Protective role of gallic acid on sodium fluoride induced oxidative stress in rat brain.
Published Web Locationhttps://doi.org/10.1007/s00128-012-0645-4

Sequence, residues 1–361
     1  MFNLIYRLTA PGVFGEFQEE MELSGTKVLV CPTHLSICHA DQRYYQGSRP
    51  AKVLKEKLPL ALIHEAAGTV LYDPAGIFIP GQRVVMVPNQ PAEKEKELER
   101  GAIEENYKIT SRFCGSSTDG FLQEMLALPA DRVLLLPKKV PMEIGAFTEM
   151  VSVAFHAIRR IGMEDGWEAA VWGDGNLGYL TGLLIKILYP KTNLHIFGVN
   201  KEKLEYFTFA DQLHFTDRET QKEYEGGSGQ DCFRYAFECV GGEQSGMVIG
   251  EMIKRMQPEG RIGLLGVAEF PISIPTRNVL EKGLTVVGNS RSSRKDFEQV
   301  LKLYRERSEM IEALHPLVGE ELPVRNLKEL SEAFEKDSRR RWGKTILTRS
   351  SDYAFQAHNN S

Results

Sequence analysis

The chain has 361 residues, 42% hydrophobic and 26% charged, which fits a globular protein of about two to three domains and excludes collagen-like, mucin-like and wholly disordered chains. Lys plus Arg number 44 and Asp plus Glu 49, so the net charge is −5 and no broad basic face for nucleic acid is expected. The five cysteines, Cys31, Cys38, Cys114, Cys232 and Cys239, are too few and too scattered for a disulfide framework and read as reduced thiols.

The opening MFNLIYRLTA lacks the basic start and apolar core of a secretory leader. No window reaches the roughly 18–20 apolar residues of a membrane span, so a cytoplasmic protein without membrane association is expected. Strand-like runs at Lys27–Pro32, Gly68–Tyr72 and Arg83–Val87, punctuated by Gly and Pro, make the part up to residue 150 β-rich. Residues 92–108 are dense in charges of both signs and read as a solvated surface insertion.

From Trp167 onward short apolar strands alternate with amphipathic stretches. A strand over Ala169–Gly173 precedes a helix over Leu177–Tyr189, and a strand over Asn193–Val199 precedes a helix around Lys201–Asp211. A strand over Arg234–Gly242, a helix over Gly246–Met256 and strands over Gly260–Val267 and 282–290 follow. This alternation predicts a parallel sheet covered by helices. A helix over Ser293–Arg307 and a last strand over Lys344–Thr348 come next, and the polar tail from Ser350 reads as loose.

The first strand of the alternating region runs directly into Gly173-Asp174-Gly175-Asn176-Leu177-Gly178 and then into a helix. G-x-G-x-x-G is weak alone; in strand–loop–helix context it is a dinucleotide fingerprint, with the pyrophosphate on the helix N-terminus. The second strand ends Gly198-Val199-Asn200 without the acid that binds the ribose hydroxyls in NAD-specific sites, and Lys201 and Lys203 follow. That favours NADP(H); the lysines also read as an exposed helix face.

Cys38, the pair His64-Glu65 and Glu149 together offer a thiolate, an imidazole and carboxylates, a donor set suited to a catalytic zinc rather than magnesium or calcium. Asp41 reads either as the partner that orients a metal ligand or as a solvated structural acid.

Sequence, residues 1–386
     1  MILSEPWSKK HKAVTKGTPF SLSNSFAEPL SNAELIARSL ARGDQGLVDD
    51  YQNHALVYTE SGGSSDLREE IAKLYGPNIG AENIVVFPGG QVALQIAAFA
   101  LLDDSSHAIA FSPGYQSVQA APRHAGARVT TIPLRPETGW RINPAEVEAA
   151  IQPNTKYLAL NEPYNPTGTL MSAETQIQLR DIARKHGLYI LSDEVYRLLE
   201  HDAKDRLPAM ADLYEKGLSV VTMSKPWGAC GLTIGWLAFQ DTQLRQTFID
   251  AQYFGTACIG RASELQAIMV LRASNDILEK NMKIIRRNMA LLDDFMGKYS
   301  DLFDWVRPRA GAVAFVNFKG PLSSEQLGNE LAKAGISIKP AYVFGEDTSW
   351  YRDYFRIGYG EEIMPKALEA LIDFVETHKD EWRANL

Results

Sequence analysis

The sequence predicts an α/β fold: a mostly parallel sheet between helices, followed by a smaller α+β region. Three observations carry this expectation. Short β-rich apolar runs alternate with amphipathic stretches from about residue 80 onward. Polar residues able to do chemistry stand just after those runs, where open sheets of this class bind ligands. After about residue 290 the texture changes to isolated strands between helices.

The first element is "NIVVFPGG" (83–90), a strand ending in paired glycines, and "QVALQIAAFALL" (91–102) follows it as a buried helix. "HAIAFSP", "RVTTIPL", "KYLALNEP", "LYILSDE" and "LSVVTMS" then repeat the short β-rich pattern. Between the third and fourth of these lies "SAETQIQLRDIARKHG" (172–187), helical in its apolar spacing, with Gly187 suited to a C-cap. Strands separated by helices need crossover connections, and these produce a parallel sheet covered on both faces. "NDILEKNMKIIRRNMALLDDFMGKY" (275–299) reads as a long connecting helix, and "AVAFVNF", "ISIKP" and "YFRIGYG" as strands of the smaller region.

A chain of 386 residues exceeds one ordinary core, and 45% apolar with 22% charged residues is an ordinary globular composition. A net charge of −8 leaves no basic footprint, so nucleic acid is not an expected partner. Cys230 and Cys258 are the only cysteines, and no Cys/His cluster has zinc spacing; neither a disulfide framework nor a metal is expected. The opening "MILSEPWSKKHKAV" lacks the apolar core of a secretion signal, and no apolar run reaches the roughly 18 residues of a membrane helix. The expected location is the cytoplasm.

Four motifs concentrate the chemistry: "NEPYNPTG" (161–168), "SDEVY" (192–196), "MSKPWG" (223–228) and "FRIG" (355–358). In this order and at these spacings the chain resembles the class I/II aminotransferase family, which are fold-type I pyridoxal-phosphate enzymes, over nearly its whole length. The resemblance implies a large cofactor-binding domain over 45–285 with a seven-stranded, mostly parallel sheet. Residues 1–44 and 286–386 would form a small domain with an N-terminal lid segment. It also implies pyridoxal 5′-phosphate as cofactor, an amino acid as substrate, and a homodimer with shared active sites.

Gallic acid is known as a potent antioxidant active compound of the edible and medicinal plant Peltiphyllum peltatum. The main objective of this study was to evaluate the neuroprotective effects of gallic acid against sodium fluoride induced oxidative stress in rat brain. Gallic acid (10 and 20 mg/kg) and vitamin C (10 mg/kg) were intraperitoneally administrated for 1 week prior to sodium fluoride intoxication. After the treatment period, brain tissues were collected and homogenized, and antioxidant parameters were measured in the homogenates. The level of thiobarbituric acid reactive substances in sodium fluoride intoxicated rats (42.04 ± 2.14 nmol MDA eq/g tissue, p < 0.01 vs. normal) increased compared to the normal rats (35.99 ± 1.08 nmol MDA eq/g tissue). Pretreatment with gallic acid at 20 mg/kg was exhibited significant reduction in the thiobarbituric acid reactive substances level (37.06 ± 1.4 nmol MDA eq/g tissue, p > 0.05 vs. normal). This increasing in thiobarbituric acid reactive substances level was accompanied with a decrease in the level of reduced glutathione (6.74 ± 0.28 μg/mg of protein, p < 0.001 vs. normal), superoxide dismutase (53.24 ± 1.62 U/mg of protein, p < 0.001 vs. normal) and catalase (70.73 ± 2.94 μmol/min/mg of protein p < 0.001 vs. normal) activities in sodium fluoride intoxicated rat. Gallic acid at 20 mg/kg was significantly modified the level of reduced glutathione (11.02 ± 0.53 μg/mg of protein, p < 0.05 vs normal) and catalase activity (89.22 ± 3.67 μmol/min/mg of protein, p > 0.05 vs. normal) in rat brain. However, gallic acid at 20 mg/kg was significantly more effective in retrieving superoxide dismutase (124.78 ± 5.7 U/mg of protein) activity than vitamin C (115.5 ± 4.97 U/mg of protein).